Yes, you can enter a white Pomeranian in dog shows and competitions. Depending on the kennel club, however, different admission rules apply.

The American Kennel Club (AKC), for example, accepts all Pomeranian colors (including patterns and variants).

Except for Merle, all solid hues and parti-colored Pomeranians are accepted by the English Kennel Club and the Federation Cynologique Internationale (FCI).

Is it true that white Pomeranians are rare?

They are, indeed. It’s difficult to find a pure white Pomeranian puppy. As previously stated, breeding them can be tough, and it can take a long time to acquire a litter with nothing but a white coat.

Because the genes for colored coats are more prevalent, Pomeranian pups are more likely to be born with a color other than white.

Furthermore, even if breeders are successful in producing an authentic white litter, they must avoid overbreeding. Otherwise, there will be differences in the size and quality of the pup’s coat.

How do White Pomeranians get their white coat?

It’s all about obtaining the recessive white gene to show up in a real white Pomeranian, sometimes known as a “ice white” Pomeranian. Because the white gene is non-dominant, getting an authentic white usually requires years of breeding.

Breeders would need to “breed out” the other dominating colors. The Chinchilla gene is responsible for the transformation of pom white.

Crossing a wolf sable and a cream-colored dog to get a white is one approach to induce this gene to show up.

Instead of just breeding a white dog with a white dog, a wolf sable and cream sable is suitable because the quality of the fur declines.

The wolf sable will allow for a lighter coat while yet maintaining softness and fineness.

What is the rarest color of the Pomeranian?

While ice-white Pomeranians are uncommon, purple is the most uncommon color coat in a Pomeranian. They’re a light gray with a bluish tinge to their coat that gives them a lavender or lilac color. It’s worth noting, though, that this color isn’t AKC-approved.

The white Pomeranian, a red Pomeranian (one with a strong reddish-orange fur), and an all-black Pomeranian with no other markings are all rare colors.

What is the origin of White Pomeranians?

White Pomeranians, along with black and cream, were once the most popular colors for this breed. White poms used to be much bigger than they are now.

When Queen Victoria arrived with her newly adopted orange Pomeranian, though, breeders took notice and began breeding colored and parti-colored varieties.

The other hues became very popular, and there was a lot of demand for them. The ice-white Pomeranian is now an uncommon breed that necessitates specific breeding criteria.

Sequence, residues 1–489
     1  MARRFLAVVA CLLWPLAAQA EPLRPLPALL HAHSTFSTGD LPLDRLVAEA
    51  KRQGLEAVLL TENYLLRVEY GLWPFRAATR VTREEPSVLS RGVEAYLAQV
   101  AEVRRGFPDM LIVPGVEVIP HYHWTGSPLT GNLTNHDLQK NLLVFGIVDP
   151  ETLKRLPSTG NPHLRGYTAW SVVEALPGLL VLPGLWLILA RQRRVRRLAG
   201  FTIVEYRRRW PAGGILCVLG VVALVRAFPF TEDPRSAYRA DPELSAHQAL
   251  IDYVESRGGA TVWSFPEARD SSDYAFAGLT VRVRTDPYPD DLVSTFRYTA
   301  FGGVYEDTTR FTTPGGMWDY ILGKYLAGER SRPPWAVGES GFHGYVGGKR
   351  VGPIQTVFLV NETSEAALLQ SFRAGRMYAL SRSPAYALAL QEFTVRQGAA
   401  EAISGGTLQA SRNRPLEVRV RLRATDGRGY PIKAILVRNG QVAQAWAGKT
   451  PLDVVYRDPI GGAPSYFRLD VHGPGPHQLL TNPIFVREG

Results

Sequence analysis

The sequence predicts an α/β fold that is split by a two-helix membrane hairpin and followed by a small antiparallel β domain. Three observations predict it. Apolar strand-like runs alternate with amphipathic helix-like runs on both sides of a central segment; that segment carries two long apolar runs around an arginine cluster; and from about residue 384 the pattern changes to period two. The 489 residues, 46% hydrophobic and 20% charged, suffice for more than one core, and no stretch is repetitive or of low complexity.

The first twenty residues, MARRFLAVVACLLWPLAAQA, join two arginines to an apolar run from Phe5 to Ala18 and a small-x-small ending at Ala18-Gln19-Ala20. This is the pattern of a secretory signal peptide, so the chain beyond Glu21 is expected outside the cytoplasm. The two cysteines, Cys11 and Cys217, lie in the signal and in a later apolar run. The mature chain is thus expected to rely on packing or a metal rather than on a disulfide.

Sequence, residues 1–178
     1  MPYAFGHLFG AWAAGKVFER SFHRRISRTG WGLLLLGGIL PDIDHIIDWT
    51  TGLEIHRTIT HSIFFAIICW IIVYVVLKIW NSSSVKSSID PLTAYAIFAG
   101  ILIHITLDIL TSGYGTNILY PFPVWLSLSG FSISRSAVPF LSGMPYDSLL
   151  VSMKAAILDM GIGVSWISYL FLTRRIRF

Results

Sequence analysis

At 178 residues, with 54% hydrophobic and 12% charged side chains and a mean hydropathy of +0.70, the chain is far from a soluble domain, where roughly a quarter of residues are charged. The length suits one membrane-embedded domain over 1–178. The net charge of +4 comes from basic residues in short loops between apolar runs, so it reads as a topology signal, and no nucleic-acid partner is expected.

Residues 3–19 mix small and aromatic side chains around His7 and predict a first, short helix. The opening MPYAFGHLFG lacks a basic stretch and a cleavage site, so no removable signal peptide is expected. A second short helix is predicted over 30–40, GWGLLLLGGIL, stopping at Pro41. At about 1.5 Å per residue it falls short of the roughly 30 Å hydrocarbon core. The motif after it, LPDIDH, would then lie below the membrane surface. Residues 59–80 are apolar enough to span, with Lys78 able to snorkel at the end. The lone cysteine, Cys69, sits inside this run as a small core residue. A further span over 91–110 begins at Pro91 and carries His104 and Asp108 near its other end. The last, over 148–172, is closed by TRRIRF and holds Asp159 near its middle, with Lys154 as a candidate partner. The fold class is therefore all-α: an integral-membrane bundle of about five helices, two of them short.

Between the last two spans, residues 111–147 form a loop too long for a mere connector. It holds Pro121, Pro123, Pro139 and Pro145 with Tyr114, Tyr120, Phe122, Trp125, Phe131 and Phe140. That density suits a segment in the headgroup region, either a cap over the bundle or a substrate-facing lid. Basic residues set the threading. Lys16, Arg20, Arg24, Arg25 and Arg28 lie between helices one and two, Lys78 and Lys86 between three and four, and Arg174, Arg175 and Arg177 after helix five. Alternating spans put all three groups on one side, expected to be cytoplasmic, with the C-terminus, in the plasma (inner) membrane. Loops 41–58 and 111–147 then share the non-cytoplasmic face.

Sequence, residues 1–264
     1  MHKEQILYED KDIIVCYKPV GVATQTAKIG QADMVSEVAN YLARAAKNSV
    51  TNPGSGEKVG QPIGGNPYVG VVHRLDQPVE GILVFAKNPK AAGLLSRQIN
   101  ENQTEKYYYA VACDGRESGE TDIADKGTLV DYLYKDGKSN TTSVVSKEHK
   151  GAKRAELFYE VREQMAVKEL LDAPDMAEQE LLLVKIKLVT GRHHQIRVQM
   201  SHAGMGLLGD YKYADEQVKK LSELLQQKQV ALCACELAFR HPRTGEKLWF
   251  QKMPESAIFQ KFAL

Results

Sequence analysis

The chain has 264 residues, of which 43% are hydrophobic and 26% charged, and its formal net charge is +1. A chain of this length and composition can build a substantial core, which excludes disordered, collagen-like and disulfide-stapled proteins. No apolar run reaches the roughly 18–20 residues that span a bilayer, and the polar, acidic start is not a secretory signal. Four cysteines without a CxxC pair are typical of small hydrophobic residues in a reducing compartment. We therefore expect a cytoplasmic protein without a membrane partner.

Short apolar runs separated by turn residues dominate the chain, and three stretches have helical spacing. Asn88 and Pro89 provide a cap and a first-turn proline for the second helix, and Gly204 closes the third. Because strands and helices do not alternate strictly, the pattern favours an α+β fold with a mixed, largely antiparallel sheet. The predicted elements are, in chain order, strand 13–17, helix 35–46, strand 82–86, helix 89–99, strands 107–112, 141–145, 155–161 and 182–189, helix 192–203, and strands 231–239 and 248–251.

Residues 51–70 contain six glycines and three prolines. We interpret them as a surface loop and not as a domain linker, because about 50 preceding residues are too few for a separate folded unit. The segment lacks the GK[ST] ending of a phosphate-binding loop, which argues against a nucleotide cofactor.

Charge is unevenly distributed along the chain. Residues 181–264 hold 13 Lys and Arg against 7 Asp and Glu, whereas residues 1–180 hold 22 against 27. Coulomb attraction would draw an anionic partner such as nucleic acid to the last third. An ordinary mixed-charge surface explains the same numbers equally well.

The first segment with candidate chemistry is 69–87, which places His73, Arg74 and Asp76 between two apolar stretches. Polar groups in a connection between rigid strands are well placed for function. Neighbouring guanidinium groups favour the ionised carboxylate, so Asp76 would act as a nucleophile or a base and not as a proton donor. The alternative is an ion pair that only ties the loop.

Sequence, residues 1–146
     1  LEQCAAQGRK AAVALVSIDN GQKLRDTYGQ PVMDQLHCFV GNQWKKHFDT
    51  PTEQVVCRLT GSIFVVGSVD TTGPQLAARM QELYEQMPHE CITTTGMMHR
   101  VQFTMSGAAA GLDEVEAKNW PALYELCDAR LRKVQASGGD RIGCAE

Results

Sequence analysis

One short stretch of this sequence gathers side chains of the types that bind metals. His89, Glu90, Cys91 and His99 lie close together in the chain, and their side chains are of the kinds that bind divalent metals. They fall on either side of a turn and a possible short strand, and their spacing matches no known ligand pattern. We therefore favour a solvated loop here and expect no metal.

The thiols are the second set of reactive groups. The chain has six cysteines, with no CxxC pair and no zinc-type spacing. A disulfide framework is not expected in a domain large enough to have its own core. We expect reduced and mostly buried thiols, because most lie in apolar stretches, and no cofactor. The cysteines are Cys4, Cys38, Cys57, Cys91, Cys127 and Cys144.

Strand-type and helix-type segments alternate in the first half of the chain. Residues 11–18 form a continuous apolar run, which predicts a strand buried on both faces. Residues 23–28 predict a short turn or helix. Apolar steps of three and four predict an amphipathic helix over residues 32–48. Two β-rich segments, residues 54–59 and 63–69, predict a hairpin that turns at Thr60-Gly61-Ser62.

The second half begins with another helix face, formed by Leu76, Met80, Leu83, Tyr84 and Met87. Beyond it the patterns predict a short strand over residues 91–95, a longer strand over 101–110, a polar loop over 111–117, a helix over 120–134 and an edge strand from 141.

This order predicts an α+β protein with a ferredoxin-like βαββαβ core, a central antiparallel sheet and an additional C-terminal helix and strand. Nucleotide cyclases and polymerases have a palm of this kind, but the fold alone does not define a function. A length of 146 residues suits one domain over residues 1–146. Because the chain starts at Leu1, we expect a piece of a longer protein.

How big do white Pomeranians get?

A Pomeranian’s size remains roughly same regardless of color. Pomeranians are classified as a toy breed.

This means that established kennels, such as the AKC, classify them as having a weight of 3-7 lbs. and a height of 6-7 inches.

However, some dog enthusiasts are looking for a little white Pomeranian or a white teacup Pomeranian.

How much does a white Pomeranian cost?

A Pomeranian can cost anywhere from $500 to $6,000 from a breeder, though they are most usually found for $800 to $2,000. Specific Pomeranians, such as the white Pomeranian, might be more expensive. So expect to pay at least $1000.

In addition, anticipate to spend at least $1,000 in the first year on dog-related expenses such as dishes, toys, bedding, and healthcare, as well as the cost of rearing a puppy. The dog can cost between $1,000 and $3,200 every year after that.

Note that these figures exclude emergency care and non-standard charges such as pet deposits, speciality equipment, and out-of-the-ordinary medical treatment. A smaller breed, such as a pomeranian, will cost less than a larger breed. Mostly because they eat less food and are generally more healthy.

What factors influence the price?

So, why is there such a wide range of prices for a Pomeranian puppy? Because there are numerous variables that effect it. Puppy quality, location, and coat color are all aspects to consider.

Quality

One of the most significant factors influencing pricing is a dog’s “quality.” Although health does play a factor in establishing a dog’s quality, it does not always reflect its health, personality, or behavior. Quality, on the other hand, refers to how well a dog can be expected to perform in conformity competitions and how well it can be expected to breed similar puppies.

Mixed breeds, or dogs that are a mix of Pomeranian and another breed, are the least expensive and are less expensive than purebred Pomeranians. Designer mixes in high demand, such as the Pomsky and Pomchi, will cost more than less desirable combinations, but are still typically less expensive than even pet quality purebreds. Poms are members of the German Spitz family and are related to the original dog breed.

Pet-quality Poms are purebred dogs with a defect that precludes them from competing in dog shows or indicates that they should not be bred. These dogs can still make fantastic pets and are a lot less expensive than show dogs. They can still compete in non-conformity events like agility and obedience contests, as well as be trained as service or therapy dogs.

Health & Faults

Reputable breeders will provide a list of the dog’s flaws as well as the results of health testing to assist you understand why the dog is pet quality, and they will usually spay or neuter the dog before the sale or ask you to do so after you take the dog.